Daily Bridge column, March 17
By Phillip Alder
Jean-Paul Sartre wrote, "Three o'clock is always too late or too early for anything you want to do."
I guess that's true, except perhaps to play golf during the summer.
In this deal, three is a key number. You are in three no-trump. West leads the spade queen. How would you try to bring home your contract?
Your sequence showed a balanced hand with a good 22 to 24 points.
You have only six top tricks: one spade, one heart and four clubs. You could establish three more tricks from the diamond suit, but surely if you let the opponents on play with that ace, they will take four more tricks in spades to defeat you.
The only chance is to find East with the heart king and to take the heart finesse. But you might need to take three heart finesses. This requires three dummy entries, which must come from the clubs. After winning the second (or first) trick with your spade ace, lead the club eight and overtake it with dummy's nine. You are on the board, so take a heart finesse. Next, overtake your club 10 with dummy's jack and take a second heart finesse. Then lead the club queen to dummy's king, take a third heart finesse, and claim. You managed your three dummy entries well.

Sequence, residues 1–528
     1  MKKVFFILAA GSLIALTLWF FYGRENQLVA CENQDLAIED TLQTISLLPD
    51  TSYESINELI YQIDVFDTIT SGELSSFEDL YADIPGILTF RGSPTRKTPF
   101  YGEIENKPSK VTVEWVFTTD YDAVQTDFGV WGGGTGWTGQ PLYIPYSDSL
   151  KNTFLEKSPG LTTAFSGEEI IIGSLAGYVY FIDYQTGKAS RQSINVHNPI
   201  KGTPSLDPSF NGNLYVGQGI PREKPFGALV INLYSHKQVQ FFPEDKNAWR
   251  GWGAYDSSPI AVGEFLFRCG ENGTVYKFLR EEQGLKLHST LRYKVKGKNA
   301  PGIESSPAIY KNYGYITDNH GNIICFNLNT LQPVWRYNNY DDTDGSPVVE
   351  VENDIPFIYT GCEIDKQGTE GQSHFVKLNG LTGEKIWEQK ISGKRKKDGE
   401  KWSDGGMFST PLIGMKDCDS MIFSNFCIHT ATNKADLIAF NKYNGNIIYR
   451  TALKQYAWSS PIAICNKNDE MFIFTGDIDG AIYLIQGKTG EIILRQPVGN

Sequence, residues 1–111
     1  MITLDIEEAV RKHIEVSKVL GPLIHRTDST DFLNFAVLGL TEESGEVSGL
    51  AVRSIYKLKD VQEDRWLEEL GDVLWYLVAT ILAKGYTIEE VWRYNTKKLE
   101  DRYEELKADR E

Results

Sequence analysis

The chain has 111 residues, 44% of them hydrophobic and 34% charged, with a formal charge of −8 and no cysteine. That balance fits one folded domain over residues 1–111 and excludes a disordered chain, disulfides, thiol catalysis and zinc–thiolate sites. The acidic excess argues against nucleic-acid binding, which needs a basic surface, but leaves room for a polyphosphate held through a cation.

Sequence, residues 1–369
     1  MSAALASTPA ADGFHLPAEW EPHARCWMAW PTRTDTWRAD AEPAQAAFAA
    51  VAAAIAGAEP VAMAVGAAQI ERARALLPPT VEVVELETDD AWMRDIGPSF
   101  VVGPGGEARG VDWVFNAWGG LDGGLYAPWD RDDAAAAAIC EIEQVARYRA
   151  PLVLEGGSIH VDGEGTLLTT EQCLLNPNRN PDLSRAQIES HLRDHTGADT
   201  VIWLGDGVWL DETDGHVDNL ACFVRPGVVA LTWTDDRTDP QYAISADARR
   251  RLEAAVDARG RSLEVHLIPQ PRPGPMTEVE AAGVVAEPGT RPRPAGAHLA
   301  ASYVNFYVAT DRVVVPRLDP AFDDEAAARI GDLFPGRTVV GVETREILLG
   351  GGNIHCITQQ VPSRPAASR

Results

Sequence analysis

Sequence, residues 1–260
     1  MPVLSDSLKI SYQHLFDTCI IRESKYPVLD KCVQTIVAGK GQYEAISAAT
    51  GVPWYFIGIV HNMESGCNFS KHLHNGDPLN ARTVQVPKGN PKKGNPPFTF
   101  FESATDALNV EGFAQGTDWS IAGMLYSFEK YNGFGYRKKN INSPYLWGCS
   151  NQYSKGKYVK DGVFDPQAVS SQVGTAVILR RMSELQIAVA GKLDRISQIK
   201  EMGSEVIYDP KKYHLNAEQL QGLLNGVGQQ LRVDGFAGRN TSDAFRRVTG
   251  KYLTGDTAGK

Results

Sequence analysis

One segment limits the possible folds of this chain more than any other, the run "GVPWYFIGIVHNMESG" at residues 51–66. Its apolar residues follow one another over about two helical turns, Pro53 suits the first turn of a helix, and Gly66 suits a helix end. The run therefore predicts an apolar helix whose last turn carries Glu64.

Phillip Alder is teaching during the American Contract Bridge League's Sectional at Sea from July 19 to 26 aboard Cunard's Queen Elizabeth. The cruise starts and ends in Southampton, England, and goes to the Norwegian fjords and the North Cape. Details are at www.phillipalderbridge.com
Copyright 2011, United Feature Syndicate